And then that brings up the whole, why ratings and changes in depiction in the first place. Are you trying to alter peoples perceptions of violence by intentionally removing all the nasty stuff that it has, like blood, gore, and other adults subjects? Like the original Star Trek episode "A Taste of Armageddon", you continue to have violence in games at the expense of the reality, thereby reducing your own understanding of the true nature of violence, and therefore any one that used your product would suffer from the same reduction in reaction to it as well. It's no wonder there are some officious officials who claim video games lead to real violence, when the violence people is exposed to is so full of tripe.

Now, if the above paragraph is poppycock and easily dismissed, why ratings then, as they are supposed to protect people from bad things, but if there is nothing to protect them from, why have them then, if fake violence is so obviously fake as to be discounted totally. And if fake is fake universally, why should simulated reality be a problem to anyone, since that too is as fake as fake can be? Because some suit somewhere stood up and said, 'Hey, I'm wearing a suit, so I know what I'm talking about and you should take me seriously.'??

All I can see from the official stance of the industry and the ESRB is a lot of hypocrisy and a lack of stones in not challenging that hypocrisy. At least Europeans are more progressive. It's like living in a cave here in North America.

But it's your game, develop as you wish, but don't complain when you draw the exact kind of crowd your rating suggests will be the majority, and good luck competing with the 100 pound Gorilla.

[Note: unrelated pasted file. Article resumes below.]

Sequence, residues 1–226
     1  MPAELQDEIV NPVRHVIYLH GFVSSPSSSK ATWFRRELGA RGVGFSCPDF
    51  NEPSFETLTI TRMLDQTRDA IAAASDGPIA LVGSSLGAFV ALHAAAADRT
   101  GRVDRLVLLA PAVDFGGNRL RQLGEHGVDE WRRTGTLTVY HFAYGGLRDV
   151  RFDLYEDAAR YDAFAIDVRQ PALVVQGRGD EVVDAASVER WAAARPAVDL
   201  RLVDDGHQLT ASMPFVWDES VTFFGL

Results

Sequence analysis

Paizo Employee Chief Technical Officer

6 people marked this as a favorite.
Probitas wrote:

[lots of stuff]

First of all, you seem to be suggesting that we're all about the ESRB rating, but we've explicitly said that we don't expect to *carry* an ESRB rating.

Second, you seem pretty confused about what Pathfinder Online is. Have you actually read any of the development blogs? Especially, have you taken the time to understand the distinction between a sandbox and a theme park? If not, see the first blog.

And you're also under the illusion that we're trying to compete with WoW—we're not. Again, see the first blog.

But if, as you've implied, all you're looking for is WoW with more violence, well, we're not that game... so maybe you shouldn't bother reading the blogs.

Goblin Squad Member

@Vic
You are trying to compete with WoW by entering the MMO market. You are going to have players come here from WoW, and leave here to WoW. I'm guessing that a lot of pathfinder players play WoW.

I think Probitas is looking at WoW from a visual perspective. In which case it dominates the family friendly Medieval Eurasian Fantasy Market.

I'm sure there will be Pathfinder tabletop players that leave the game because it isn't realistic enough. The whole draw of the tabletop is to have greater control than in a video game.

So under the "if its in the books category" we can expect:(from looking through the player handbook)
-Spurts of realistic blood
-Graphic wounds
-Dissolving in acid
-Libs being ripped off graphically
-Female clothing that leaves almost nothing to the imagination
-'Beat up and bloody' look
???